Belgium City Sets Up a Special Lane for Pedestrians Who Can’t Stop Texting

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Belgium City Sets Up a Special Lane for Pedestrians Who Can’t Stop Texting

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It is quite common for people to bump into each other because they are too preoccupied with their smartphones. Another typical scenario, instead of looking left or right before crossing the street, people are steadily studying their mobile screens. Both the cases may lead to unnecessary collisions and can be a cause for serious injury. 

Following its success in China, the forward-thinking European country, Belgium, has launched the perfect solution for this problem and is already proving a hit among texting fanatics.


The solution is Text Walking Lanes. Antwerp, Belgium, has given its smartphone users their own designated lanes, where they can walk while texting or looking at their mobiles, without the risk of bumping into someone and dropping their phones. The path is marked as ‘Text Walking Lane’ and is marked with a bright, highly visible white paint.

texting lane china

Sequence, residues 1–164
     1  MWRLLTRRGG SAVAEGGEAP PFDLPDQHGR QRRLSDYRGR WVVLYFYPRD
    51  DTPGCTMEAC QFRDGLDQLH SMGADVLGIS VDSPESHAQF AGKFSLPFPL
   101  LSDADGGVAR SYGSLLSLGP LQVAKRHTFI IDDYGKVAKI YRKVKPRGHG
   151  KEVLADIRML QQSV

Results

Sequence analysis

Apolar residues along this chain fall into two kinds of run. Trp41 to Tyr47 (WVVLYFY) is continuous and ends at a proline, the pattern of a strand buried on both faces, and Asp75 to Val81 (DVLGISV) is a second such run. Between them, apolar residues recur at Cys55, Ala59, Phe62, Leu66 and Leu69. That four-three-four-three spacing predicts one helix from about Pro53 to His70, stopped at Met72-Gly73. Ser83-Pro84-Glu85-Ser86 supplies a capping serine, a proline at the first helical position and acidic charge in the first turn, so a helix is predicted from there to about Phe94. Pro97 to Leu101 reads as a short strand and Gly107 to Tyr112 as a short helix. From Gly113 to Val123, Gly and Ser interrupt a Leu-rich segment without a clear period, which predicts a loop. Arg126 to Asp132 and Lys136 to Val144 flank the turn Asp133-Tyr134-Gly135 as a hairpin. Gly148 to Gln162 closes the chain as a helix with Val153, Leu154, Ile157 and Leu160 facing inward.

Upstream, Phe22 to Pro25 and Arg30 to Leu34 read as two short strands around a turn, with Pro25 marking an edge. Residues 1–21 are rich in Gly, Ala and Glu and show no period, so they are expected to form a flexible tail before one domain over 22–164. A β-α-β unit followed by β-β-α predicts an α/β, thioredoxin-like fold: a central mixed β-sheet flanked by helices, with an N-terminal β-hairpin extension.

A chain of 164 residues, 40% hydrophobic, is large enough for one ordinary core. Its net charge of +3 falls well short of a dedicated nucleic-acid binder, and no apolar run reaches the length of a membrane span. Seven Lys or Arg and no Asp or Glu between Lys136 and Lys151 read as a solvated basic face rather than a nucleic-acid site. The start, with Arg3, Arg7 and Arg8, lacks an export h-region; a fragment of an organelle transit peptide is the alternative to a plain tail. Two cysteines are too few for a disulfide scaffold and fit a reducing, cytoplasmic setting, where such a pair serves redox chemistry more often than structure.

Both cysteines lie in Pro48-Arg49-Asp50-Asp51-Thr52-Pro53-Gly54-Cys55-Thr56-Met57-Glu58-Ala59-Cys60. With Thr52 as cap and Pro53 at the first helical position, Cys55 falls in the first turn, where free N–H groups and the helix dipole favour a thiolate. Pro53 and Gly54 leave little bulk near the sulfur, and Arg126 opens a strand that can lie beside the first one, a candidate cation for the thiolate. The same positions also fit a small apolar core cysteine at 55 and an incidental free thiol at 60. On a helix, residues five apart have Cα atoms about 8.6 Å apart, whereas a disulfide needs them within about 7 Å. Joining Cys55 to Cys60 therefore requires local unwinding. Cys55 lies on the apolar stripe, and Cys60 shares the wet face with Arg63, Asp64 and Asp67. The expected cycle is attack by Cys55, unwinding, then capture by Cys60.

Dietrich Jehle, professor of emergency medicine at the University at Buffalo, said,

When texting, you’re not as in control with the complex actions of walking. While talking on the phone is a distraction, texting is much more dangerous because you can’t see the path in front of you.

This temporary arrangement was the brainchild of a smartphone company based in the city. They say that a significant number of mobile phone breakage is due to ‘text walking’ collisions. This idea received equal criticism, some welcoming the idea while others wonder to what level of dependency has the human race stooped down to.

Let us try to apply such a change here in India. Our country has the second largest population in the world, and more than half of it owns a mobile phone. Among this is a good amount of people who just duck their heads into their mobile screen. So, yes, the probability of bumping onto another commuter while walking is very high. Because of this reason, Texting Lanes could be welcomed here in India. But, for achieving this, space and infrastructure are imperative factors. With almost 40% of India living in urban cities, is it possible to make space for people to text-and-walk, when there isn’t even enough area demarcated for walking? 

Comment and let us know about your thoughts on ‘Texting Lanes’. 

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Rishi Baruah
iGyaan Network's newbie Rishi Baruah is a musician hailing from Mumbai. He plays drums for a Delhi-based band and specializes in Concert Photography. Oh yes, he can cook up a mean four-cheese pizza.